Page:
Challenging Somatic Mutation Theory in Cancer – Viewing Tumours as Complex Adaptive System
Novel approaches to cure childhood cancer is urgently needed. Viewing tumour as complex adaptive system with inherent laws of growth will help develop better and more efficient therapy.
Currently, the paradigm in cancer research is applying genomic and transcriptomic data to cohorts of patients, searching for distinctive genetic biomarkers that can be targetable by developing drugs in quest for precision medicine efforts. Despite these ongoing, large initiatives in paediatric cancer, few actionable somatic mutations have been found. Overall, the genetic landscape of childhood cancer is relatively silent with some notable exceprtions like mutations in Alk gene or Ntrk1/2/3-fusions that have improved cure for rare tumours like neuroblastoma and soft-tissue sarcoma.
However, as we are learning from tumour biology, tumours evolve and adapt to its environment, including developing resistance mechanism to for example tyrosiner receptor kinase inhibitors.
Another approach is to view cancer as a complex adaptive system, where a system is characterised to be more complex than the sum of individual parts. Groups of genes and their resulting proteins interact to produce a specific action, ie growth or proliferation. Further, complex adaptive system is characterise by three major properties: 1) independent parts that are interconnected and interactive; 2) they must be capable of forming and changing strategies. This could be exemplified by switching from oxidative phosphorylation to aerobic glycolysis in tumour metabolism; 3) they alter the strength of their interaction with others in a way that maximises the average fitness of the system.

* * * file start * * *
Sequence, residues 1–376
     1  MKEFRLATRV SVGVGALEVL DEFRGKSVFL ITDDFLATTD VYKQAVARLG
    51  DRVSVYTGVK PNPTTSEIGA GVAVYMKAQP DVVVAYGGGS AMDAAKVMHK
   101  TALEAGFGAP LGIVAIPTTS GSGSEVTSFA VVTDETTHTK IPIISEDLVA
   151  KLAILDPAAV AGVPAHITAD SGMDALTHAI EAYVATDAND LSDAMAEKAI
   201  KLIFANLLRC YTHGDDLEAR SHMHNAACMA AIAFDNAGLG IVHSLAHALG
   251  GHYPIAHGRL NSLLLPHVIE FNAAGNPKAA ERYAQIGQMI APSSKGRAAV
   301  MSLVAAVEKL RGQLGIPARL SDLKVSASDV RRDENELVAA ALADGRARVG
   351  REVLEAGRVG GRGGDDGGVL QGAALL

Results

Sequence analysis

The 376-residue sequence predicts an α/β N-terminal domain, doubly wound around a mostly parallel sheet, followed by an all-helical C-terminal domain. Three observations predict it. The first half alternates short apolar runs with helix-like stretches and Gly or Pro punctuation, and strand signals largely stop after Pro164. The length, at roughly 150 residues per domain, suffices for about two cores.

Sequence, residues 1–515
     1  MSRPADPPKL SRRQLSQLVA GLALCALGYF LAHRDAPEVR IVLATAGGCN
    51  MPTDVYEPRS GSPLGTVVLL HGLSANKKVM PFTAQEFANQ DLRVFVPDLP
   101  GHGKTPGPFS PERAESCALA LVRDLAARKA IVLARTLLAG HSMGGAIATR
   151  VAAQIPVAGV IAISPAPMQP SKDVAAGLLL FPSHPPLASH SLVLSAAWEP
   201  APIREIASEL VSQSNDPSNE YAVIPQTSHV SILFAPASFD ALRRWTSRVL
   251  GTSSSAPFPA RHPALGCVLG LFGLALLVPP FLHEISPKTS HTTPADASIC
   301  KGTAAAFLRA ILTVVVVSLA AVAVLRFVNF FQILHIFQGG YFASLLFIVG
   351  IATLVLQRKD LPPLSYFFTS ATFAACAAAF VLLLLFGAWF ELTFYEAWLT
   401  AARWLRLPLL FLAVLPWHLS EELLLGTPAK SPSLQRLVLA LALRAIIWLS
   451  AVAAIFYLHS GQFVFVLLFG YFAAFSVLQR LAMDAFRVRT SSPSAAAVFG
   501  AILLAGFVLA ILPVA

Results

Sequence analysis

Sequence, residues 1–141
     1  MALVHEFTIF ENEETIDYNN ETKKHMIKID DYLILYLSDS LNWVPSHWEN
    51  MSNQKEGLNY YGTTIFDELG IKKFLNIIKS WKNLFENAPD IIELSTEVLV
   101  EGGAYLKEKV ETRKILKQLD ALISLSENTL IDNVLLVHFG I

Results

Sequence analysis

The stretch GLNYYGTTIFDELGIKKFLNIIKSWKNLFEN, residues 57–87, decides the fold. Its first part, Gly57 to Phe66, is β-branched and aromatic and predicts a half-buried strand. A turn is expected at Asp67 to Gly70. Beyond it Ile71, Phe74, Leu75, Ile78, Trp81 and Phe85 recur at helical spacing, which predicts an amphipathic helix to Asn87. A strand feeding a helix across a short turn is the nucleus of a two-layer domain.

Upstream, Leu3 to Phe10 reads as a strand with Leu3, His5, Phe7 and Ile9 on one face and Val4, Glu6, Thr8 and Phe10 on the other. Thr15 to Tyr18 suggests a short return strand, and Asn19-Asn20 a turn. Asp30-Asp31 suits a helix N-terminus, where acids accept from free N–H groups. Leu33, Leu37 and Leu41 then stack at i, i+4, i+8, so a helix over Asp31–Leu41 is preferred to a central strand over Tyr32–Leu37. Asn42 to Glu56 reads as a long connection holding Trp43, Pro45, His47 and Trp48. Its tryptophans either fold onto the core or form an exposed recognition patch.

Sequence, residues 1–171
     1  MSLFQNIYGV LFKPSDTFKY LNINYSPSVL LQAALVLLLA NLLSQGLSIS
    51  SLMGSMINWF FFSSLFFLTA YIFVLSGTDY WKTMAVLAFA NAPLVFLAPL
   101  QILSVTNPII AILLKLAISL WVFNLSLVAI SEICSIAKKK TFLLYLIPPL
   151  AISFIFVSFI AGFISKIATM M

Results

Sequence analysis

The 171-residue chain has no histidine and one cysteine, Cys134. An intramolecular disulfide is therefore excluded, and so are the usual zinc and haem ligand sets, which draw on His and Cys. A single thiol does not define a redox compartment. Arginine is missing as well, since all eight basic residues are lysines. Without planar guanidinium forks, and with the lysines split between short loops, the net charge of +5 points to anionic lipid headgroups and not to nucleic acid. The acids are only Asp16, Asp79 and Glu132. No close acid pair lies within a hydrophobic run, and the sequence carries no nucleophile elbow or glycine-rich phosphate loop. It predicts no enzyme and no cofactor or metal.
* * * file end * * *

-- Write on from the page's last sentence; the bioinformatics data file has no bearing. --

In this theory, it holds true that a minor event can lead to a catastrophic event, such as uncontrolled cell division leading to tumour formation.
By applying the theory of complex adaptive system in oncology, potential new strategies for therapy may be revealed. Currently, chemotherapy succeds in eradicating some clones in the tumour, but in case of metastatic and slowly dividing tumour cells, this leads to tumour recurrence and death. Alternatively, adoptive treatment has been developed where a chemosensitive clone is suppressed but not eradicated, but indirectly keeping other clones with slower proliferation in check. In prostate cancer, this approach have been shown to prolong survival in chemo- and immune therapy resistant cancer but this concept hasn’t been developed for childhood cancer. To reach the goal of controlling and curing cancer, novel approaches is needed, and cross-diciplinary approach is needed between mathematics to understand and quantify cancer as complex adaptive system and other medical specialities to understand underlying biology as well as devising new chemotherapy strategies.
Tomas Sjoeberg Bexelius, Lindau